Two players who did receive haircuts – center Daniel Kilgore and wide receiver Demarcus Robinson – were placed on the reserve/COVID-19 list as high-risk close contacts with the virus, wrote NFL reporter Jori Epstein. If they test negative each day of a five-day isolation period, they may rejoin the team.
Of course the Buccaneers are local, the first NFL team to secure a home-stadium Super Bowl.
“But because of COVID concerns, the players are all staying at their homes instead of moving into a team hotel all week,” said NFL reporter Mike Jones. “Instead of us reporters having access to the entire team each day, reporters get to join Zoom calls with a select number of players and coaches each day. So, access has changed dramatically.”
Overall this season, 262 players tested positive for the coronavirus, Epstein reported. Still, the NFL completed 16 regular-season contests for each of its 32 teams and three playoff weekends. All to get to Sunday.
Super Bowl players and coaches are tested every day.
The caution is well-placed. More than 1,300 people have died of COVID-19 in Hillsborough County, where Tampa is located. More than 100,000 residents have tested positive, leading to more than 2,700 hospitalizations.
The White House says Hillsborough County remains in the “red” zone for new cases, though the numbers have been falling. Most of the county’s hospitals are in a “light red” status, with about 86% of inpatient beds filled.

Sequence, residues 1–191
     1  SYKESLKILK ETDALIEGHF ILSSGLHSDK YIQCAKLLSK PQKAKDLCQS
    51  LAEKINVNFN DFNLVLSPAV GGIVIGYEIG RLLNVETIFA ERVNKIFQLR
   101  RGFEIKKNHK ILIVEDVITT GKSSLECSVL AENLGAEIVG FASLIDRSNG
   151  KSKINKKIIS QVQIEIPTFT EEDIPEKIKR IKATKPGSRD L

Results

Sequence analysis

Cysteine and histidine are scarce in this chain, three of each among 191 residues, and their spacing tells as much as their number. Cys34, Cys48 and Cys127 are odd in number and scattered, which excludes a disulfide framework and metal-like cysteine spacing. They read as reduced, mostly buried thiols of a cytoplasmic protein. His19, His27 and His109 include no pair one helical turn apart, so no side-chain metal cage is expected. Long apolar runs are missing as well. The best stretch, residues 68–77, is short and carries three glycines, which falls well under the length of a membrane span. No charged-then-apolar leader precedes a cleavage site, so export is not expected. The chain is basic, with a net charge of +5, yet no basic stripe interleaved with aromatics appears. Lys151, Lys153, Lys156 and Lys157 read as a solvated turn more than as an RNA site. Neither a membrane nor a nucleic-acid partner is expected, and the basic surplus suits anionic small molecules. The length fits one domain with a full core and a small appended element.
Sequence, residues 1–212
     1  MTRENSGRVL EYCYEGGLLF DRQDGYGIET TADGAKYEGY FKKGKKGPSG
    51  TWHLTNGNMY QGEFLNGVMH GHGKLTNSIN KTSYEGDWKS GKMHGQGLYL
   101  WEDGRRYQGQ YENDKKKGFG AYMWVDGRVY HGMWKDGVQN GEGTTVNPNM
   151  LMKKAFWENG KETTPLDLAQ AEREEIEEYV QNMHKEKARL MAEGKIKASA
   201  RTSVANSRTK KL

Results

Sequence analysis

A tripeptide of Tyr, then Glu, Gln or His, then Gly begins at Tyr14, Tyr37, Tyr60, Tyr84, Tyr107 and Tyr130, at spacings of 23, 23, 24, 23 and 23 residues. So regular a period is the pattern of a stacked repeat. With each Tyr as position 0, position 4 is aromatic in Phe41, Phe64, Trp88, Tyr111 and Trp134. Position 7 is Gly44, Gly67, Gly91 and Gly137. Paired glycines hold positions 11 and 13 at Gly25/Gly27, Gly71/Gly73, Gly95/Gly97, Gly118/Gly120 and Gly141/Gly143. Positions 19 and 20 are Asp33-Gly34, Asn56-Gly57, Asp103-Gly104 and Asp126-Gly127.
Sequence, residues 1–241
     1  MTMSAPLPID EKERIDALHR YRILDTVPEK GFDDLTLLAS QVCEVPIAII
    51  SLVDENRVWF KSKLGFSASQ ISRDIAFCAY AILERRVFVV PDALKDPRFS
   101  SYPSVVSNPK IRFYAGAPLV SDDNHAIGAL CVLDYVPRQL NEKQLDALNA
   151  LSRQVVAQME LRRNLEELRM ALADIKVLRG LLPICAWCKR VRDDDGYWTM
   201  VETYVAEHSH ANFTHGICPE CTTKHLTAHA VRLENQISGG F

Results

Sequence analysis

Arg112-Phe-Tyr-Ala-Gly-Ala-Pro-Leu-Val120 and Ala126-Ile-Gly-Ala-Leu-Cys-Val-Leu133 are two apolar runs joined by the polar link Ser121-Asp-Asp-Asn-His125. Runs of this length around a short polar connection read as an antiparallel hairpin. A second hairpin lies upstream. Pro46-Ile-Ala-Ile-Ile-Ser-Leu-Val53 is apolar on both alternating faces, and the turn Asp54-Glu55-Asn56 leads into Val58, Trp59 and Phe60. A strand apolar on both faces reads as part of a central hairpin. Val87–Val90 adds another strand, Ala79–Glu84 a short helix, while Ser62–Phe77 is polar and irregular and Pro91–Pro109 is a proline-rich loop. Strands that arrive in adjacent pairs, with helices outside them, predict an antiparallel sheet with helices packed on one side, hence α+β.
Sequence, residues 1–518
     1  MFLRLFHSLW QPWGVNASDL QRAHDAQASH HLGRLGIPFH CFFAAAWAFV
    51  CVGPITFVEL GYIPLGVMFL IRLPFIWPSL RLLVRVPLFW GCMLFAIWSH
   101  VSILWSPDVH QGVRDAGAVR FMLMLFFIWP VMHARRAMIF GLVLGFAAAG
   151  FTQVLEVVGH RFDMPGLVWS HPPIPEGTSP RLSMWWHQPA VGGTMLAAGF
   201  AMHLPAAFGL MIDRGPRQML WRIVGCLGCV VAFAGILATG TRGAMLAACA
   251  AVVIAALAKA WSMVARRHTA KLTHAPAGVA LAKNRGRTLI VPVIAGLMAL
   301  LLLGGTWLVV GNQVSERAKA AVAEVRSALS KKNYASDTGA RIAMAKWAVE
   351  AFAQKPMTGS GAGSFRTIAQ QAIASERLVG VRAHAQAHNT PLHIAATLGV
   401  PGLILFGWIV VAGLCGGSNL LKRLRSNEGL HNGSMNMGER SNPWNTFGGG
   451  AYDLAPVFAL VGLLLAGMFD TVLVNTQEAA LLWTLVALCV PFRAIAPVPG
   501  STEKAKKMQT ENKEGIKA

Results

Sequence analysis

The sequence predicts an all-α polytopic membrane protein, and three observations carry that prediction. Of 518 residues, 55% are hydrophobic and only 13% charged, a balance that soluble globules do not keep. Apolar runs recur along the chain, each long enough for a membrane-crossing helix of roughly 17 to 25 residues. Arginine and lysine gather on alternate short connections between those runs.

Reporter Josh Peter has been in Tampa since Saturday.
“You cannot escape COVID,” said Gloria Castillo, a funeral director in Tampa, told him. “It’s really awful every day.’’
While Tampa has struggled to enforce its mask mandate, Peter said the NFL requires masks at any game-related activities, and “the locals have adhered,” in part because the league has employed an army of volunteers to enforce the mask requirement.
“I’m encouraged by what I’m seeing the NFL doing at the actual game itself,’’ Jill Roberts, an assistant professor at the University of South Florida’s College of Public Health, told Peter. “I think within the stadium and the game itself, the risk is very low.
“My concern is an influx of people going to bars and restaurants and tailgating in areas near the stadium and all of those things. Super Bowl parties are going to be as big of a problem as gatherings at Thanksgiving and Christmas were, and we do know for sure those gatherings did influence the increase in cases that we’re seeing right now.”
While cases are generally decreasing in the U.S., they remain at high levels. With highly contagious new variants of the virus circulating around the country, public health experts stress vigilance must be maintained or we will see those case numbers – and the deaths that follow – rise again.
In Sunday and Tuesday’s reports, Florida showed more new cases of the fast-spreading U.K. variant, B.1.1.7, than the rest of the country combined. The Centers for Disease Control and Prevention believes that variant will be predominate in the United States sometime next month.
CDC Director Rochelle Walensky said Wednesday that based on contact tracing, authorities are finding that “not wearing masks and participating in in-person social gatherings have contributed to the variant spread. We must take prevention intervention seriously. Now is not the time to let our guard down.”
Our health editor, Jennifer Portman, puts it more directly:
“Masks, masks, masks. No parties. No parties. No parties.”
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Nicole Carroll is the editor-in-chief of USA TODAY. Reach her at EIC@usatoday.com or follow her on Twitter here. Thank you for supporting our journalism. You can subscribe to our print edition, ad-free experience or electronic newspaper replica here.